The Consumer Financial Protection Bureau, created under the Wall Street Reform and Consumer Protection Act of 2010, also has a youth financial education program. The CFPB has resources for educators, parents, and students.

The Department of Treasury has several free online educational programs from Kindergarten to young adults. As part of the Financial Literacy and Education Commission created in 2003, the U.S. Treasury set up MyMoney.Gov, a national financial education website. Additionally, together with the Bureau of Engraving and Printing and the U.S. Secret Service, the U.S. Treasury runs a program on U.S. currency. Additionally, Treasury has a financial literacy program, and through the U.S. Mint, there are resources for educators and students. Girl and Boy Scouts can also earn badges through a financial literacy program designed by the U.S. Mint.

The Securities and Exchange Commission has Tips for Teaching Students About Saving and Investing. More in-depth SEC educational resources are designed for young adults and upward who want to learn about investing, investment products.

The Commodities Futures Trading Commission (CFTC) has educational resources to help commodities, futures, and swaps traders avoid fraud, such as Ponzi schemes. It also has numerous free publications to help detects scams and fraud. And unlike other regulators, the CFTC has a section devoted to the agriculture community.

Governmental and regulatory agencies are not the only ones that provide finance education for students. The New York Institute of Finance[1] has recently launched the Young Financial Scholar Program designed for Middle and High School students. Unlike the government and regulatory free resources, this program has live instruction, tailored research projects, mentoring programs and charges a fee. NYIF’s program is global with students from all over the U.S. as well as China, India, and Korea. Additionally, NYIF offers online courses as well.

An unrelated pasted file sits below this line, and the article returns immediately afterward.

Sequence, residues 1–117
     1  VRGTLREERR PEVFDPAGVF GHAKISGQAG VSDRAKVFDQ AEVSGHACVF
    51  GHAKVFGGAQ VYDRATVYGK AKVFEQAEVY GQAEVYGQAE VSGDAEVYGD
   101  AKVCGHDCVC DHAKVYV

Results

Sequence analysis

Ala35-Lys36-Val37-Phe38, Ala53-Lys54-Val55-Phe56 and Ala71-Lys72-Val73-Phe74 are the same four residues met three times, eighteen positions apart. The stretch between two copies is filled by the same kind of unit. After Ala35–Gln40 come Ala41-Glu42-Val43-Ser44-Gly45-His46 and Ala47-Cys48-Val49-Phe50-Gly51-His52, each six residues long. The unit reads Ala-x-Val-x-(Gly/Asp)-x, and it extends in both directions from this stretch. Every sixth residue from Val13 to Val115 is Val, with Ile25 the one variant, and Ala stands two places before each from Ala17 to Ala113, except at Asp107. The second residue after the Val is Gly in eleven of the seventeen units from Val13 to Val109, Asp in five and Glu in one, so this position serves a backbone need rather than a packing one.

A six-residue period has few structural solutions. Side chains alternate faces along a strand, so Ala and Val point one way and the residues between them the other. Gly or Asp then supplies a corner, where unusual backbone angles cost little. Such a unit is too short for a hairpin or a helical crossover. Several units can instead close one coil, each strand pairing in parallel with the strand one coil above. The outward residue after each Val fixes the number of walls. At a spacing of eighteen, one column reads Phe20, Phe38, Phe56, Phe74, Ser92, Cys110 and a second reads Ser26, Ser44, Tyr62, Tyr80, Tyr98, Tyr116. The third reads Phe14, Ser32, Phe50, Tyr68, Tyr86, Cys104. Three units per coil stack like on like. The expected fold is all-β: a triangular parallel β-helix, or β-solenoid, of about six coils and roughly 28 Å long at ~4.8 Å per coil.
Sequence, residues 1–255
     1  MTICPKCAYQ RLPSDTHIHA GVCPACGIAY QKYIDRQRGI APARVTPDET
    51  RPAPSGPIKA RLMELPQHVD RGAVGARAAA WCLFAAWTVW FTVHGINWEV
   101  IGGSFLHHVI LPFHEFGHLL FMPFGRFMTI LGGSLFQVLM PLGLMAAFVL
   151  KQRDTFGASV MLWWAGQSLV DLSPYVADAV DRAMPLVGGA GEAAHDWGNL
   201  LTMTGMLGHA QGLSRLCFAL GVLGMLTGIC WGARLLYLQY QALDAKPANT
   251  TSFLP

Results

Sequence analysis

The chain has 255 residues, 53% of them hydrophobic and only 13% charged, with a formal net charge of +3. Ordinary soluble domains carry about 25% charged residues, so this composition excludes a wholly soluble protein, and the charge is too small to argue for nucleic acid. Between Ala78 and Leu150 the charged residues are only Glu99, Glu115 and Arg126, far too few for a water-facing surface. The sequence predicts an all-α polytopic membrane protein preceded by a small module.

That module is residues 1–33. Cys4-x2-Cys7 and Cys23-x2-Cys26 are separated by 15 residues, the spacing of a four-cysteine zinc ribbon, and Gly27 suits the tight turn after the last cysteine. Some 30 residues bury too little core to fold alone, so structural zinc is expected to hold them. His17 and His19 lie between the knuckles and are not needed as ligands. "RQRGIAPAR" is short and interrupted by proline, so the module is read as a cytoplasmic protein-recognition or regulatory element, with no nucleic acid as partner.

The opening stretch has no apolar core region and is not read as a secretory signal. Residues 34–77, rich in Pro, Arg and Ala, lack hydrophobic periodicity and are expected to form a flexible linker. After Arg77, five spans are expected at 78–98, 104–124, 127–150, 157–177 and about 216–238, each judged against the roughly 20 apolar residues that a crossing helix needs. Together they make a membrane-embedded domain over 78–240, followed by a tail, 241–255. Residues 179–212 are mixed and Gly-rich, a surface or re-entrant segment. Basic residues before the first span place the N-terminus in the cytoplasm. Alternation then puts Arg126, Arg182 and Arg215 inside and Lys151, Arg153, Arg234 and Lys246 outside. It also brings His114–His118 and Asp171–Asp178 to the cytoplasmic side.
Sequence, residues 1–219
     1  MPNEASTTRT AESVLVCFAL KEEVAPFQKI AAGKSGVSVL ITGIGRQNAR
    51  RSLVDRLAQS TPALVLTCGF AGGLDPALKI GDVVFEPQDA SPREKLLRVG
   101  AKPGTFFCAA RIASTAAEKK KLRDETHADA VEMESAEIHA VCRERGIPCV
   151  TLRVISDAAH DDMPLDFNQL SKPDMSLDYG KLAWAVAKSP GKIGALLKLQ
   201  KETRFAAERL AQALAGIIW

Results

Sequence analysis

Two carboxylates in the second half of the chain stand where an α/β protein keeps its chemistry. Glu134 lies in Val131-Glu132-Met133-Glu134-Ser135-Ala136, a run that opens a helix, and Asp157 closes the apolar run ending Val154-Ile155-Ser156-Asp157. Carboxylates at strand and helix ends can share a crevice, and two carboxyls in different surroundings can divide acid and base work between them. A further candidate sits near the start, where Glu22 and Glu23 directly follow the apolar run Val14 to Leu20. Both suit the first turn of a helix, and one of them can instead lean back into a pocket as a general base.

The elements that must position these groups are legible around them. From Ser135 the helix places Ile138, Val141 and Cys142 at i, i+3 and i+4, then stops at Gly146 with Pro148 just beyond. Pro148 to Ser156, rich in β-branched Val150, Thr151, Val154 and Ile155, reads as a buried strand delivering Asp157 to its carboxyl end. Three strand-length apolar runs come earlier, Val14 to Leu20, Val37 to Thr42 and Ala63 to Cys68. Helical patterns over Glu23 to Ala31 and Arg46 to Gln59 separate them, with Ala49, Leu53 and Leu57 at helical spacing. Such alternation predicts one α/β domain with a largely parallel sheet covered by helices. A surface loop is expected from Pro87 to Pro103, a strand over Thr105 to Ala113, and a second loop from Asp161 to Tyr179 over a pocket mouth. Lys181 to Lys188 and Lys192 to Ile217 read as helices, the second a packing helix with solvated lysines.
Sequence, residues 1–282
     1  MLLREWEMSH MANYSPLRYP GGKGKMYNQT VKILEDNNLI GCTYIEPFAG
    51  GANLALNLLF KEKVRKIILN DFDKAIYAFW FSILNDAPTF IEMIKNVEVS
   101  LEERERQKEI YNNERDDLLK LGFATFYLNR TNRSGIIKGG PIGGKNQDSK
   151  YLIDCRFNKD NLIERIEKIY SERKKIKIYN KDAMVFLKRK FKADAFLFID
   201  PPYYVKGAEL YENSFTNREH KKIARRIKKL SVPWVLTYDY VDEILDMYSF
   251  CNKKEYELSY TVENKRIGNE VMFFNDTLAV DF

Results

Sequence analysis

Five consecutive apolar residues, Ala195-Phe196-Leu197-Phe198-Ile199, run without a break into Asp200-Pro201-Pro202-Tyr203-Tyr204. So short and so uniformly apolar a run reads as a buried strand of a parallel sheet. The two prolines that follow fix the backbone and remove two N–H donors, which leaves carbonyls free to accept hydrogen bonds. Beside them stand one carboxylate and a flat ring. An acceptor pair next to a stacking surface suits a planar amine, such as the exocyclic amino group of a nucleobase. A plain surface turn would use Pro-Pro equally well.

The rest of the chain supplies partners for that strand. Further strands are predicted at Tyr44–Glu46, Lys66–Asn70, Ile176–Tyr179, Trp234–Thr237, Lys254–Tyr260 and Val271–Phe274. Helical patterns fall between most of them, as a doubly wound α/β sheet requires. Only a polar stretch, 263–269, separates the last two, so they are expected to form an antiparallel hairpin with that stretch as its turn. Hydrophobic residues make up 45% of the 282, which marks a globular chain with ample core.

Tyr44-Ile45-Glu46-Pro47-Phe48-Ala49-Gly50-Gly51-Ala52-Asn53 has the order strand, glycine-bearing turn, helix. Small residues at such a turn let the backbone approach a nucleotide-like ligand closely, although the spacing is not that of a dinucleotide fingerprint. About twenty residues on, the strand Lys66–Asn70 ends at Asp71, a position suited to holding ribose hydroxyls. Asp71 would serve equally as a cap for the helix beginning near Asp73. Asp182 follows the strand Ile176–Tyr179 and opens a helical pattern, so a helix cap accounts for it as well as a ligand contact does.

Varsity Tutors offers some classes in finance and economics tailored to secondary school and university students. This education vendor also offers on call tutors for a fee. From time to time, it offers free courses on a wide range of topics.

 

[1] Disclosure: As part of my consulting and training practice, I have delivered numerous bank, capital markets, and financial regulations courses at the New York Institute of Finance since 2006.

 

This article was written by Mayra Rodriguez Valladares from Forbes and was legally licensed through the Industry Dive publisher network. Please direct all licensing questions to legal@industrydive.com.